• Virginia Horse Industry Board be requested to solicit proposals for developing a comprehensive guide for equine owners regarding land preservation options as well as a list of qualified accountants and legal advisors to facilitate their participation in certain programs such as donation of a conservation easement.
• Virginia's Right to Farm Act be maintained.
• Virginia Cooperative Extension Agents become an integral part of educating horse owners and local governments about the benefits of land preservation with regards to the equine industry.
9. The Task Force recommends that horse associations encourage their members to work in their counties to keep local leaders informed about the contributions of the industry to protecting green space, including providing these leaders with industry economic reports. The Task Force also recommends that the industry identify ways to work with the Virginia Association of Counties and the Virginia Municipal League to accomplish this.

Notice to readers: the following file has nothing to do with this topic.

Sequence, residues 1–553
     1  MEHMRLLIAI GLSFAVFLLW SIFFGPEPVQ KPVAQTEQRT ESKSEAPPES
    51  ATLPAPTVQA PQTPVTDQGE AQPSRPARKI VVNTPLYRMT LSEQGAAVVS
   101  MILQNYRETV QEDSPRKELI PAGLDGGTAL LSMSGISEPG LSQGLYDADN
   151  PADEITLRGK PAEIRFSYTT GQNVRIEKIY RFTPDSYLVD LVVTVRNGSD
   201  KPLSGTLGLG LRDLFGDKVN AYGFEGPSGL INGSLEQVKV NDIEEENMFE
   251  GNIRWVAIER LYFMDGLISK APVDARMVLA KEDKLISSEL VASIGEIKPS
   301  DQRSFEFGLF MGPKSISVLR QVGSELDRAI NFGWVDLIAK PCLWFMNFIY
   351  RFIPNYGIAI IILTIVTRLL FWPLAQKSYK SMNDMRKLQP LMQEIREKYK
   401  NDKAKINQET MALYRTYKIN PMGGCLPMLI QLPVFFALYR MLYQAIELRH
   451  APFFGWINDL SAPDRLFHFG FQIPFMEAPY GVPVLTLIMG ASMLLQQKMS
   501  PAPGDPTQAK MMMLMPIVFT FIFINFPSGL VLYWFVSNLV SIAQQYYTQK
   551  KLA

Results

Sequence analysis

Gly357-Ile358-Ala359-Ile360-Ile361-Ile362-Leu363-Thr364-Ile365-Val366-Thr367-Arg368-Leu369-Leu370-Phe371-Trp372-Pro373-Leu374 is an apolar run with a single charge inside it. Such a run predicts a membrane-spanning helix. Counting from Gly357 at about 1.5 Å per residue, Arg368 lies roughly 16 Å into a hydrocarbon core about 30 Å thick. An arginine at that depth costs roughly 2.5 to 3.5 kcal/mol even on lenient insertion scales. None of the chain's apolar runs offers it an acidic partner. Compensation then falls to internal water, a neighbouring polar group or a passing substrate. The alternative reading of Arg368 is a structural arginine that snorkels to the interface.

10. The Task Force recognizes the need for additional study regarding promotion of all segments of the industry. The Task Force supports future surveys of the equine industry by the Virginia Agricultural Statistics Service.
11. The Task Force supports increased resources for Virginia Cooperative Extension equine activities and programs for the Virginia horse industry -including more research positions and funding for staff and programs-to strengthen the connection and communication with the Virginia horse industry. More money is needed for Cooperative Extension to provide educational services to the horse industry and to address the growing needs of Virginia's equine industry.
Resources are not keeping pace with the growth of the horse industry in the state. A tenure track faculty position which could support adult extension education and conduct needed research would greatly benefit the equine industry. Current state extension efforts are focused primarily on youth. This additional position would allow development of a similar high quality program focused on the adult horse owner.